Senior Care Bellevue WA: Elder Care Legal and Financial Checklist
Preparing your legal and financial situation properly is not always an easy or pleasant task but it is an important one for seniors and their family to complete. Working through a comprehensive list of considerations can help make the task easier and will identify resources and decisions about senior care and your property.
Durable Power of Attorney
Durable power of attorney is a legal document naming someone to act on your behalf if you are unable to make decisions about your own care, either mentally or physically. This person has legal permission to pay your bills, direct your medical care and make other financial decisions for you.
There are two types of durable power of attorney:
- Medical-Durable power of attorney for health care allows a selected person to make medical choices on your behalf if you are not able to do so. This person will be the point of contact for your doctors and other medical personnel.
- Financial-Durable power of attorney for finances is the person who has authority to make financial choices and transactions on your behalf. This may include power over your real estate, social security, investments, tax returns and paying your bills.
Note that you do not have to select the same person as your durable attorney for medical care and finances but you certainly may. However, it is a good idea to create separate documents naming the durable power of attorney for health care and one for the durable power of attorney for finances. This helps keeps the issues separate and provides a clear directive for your family and others.
Also known as an advanced care directive, a living will provides instructions for your care if you are unable to make decisions on your own. Establishing a durable power of attorney for medical decisions is often part of creating an advanced care directive.
In your advanced care directive, you can provide instructions regarding organ donation and your wishes regarding the use of CPR, prolonged use of a respirator, blood cultures and other invasive diagnostic tests, artificial nutrition through a tube or IV and/or blood transfusions. In addition, an advanced care directive may include a Do Not Resuscitate Order (DNR) if you stop breathing or your heart stops beating. A DNR states that you do not wish to have measures taken to restore your heartbeat or breathing if either or both stop.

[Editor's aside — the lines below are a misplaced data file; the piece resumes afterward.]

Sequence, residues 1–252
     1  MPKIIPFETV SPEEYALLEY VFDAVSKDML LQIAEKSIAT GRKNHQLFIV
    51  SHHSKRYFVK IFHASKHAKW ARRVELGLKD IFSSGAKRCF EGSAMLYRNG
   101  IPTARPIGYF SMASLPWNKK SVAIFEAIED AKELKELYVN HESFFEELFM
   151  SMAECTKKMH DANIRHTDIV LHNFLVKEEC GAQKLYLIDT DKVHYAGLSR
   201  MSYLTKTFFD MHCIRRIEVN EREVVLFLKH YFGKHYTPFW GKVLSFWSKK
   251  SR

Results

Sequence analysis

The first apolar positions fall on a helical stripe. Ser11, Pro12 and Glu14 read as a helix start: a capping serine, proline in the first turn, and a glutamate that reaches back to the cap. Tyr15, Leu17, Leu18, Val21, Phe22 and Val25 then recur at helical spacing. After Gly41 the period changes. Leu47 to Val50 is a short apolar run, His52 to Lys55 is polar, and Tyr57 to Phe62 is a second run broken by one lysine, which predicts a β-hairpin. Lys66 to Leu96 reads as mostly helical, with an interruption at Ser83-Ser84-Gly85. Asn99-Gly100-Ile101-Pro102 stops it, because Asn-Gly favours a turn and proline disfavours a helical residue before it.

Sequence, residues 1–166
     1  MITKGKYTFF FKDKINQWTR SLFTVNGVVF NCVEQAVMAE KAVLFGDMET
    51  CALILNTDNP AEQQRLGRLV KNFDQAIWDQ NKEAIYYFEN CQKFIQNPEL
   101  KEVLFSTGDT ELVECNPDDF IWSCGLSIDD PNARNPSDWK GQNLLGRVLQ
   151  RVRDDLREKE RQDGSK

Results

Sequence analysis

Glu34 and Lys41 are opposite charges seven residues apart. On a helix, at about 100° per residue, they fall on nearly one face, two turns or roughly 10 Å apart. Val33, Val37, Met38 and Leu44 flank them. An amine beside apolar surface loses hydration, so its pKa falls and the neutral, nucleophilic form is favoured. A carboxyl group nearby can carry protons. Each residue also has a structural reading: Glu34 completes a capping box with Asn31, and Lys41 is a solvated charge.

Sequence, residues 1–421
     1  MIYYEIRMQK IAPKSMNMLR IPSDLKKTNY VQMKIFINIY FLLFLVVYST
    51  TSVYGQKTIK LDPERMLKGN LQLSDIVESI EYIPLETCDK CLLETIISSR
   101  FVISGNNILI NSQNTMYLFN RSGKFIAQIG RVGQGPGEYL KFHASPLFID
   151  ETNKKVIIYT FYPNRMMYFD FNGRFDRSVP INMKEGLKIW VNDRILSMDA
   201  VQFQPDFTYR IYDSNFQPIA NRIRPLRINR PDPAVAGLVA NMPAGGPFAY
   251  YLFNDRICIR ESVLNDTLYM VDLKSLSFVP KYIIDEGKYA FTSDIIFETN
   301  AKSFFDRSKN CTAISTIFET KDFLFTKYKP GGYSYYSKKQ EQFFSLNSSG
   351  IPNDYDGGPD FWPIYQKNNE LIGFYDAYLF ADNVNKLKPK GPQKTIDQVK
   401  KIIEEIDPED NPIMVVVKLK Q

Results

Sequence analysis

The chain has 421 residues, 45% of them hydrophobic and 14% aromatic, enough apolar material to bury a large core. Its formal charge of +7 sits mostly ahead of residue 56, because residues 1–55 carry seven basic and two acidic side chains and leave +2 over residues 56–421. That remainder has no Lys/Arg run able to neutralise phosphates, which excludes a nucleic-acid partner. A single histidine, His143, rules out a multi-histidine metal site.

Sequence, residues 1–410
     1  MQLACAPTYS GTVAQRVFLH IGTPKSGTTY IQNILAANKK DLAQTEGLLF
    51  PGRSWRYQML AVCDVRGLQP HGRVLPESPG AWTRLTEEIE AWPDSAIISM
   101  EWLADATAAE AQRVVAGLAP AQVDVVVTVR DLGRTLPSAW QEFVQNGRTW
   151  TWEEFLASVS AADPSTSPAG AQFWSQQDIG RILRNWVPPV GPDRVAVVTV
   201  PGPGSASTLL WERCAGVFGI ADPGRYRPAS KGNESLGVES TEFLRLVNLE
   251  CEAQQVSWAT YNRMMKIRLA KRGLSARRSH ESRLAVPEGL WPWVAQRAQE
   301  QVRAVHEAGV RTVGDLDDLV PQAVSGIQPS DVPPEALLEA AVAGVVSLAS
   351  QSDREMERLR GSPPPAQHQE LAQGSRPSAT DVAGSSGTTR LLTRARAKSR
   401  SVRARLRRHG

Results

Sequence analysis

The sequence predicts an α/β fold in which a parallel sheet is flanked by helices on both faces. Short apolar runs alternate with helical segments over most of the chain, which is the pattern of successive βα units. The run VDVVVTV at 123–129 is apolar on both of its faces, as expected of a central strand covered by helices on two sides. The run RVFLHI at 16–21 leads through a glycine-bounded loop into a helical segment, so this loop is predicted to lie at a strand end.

Spend the time thinking about how you feel regarding these issues and speak with your family about your wishes and theirs before completing the advanced care directive.
Long Term Care Insurance
Another important factor in elder care is long term care insurance (LTCI), which helps cover the cost of your medical and living expenses not covered by traditional health insurance, Medicaid or Medicare.
Long term care insurance helps cover the cost of home senior care, adult daycare, nursing home, assisted living and other out-of-pocket costs associated with elderly care. Note that some insurance companies require a waiting period before the LTCI policy goes into effect. Check with your insurance company for more information.
Income and Expenses
Another important element in preparing for the costs of care and transitioning of financial control to family members includes writing down important financial information for your family to use as needed.
This information should include the following:
- Monthly income sources-Write down your regular sources of income, such as social security or pensions. Include your account information and policy numbers.
- Monthly expenses-Write down your monthly expenses, such as your mortgage or rent, utility bills, cable, television, phone and any other bills that you are responsible for on a monthly basis. Include your account number and any passwords for online access.
A will identifies the division of your property and assets after your death. Here are some of the basics to consider:
- Property-Clearly identify who is to receive ownership of your property, whether it is a person or an organization. Be aware that property and estate taxes can be complicated, so contact a local lawyer to help you figure out how to pay the state and federal taxes and how to keep your property out of probate court.
- Executor-The executor makes certain that the terms of the will occur according to your wishes.
A trust is an estate plan for minor children to whom you wish to leave money but want to manage its execution. Several elements will help avoid problems for those working to establish the trust.
- Life insurance trust-An irrevocable life insurance trust will put the proceeds from your life insurance policy back into your estate while protecting the proceeds from federal estate taxes. Speak with your life insurance company about setting up an irrevocable life insurance trust associated with your life insurance policy.
Ensure that your money goes to minors as you wish by determining the amount of money that you wish for each minor child to receive each year. You may also determine an age at which the final lump sum will pay out to the child, such as after college graduation or age 25.
In addition, you can ensure that the money goes to funding the education of minor children by specifying the use of the money, such as tuition or school fees.
A charitable trust can specify that some or all of your money is to go towards a charity or charities of your choice.
While getting your financial situation and wishes in order can be time consuming, doing so will make life easier for you and your family as your health progresses or in case you are no longer able to make decisions on your own.
For information about senior care for your loved one, contact our caregivers at Andelcare. Fill out our web form or call 425-283-0408.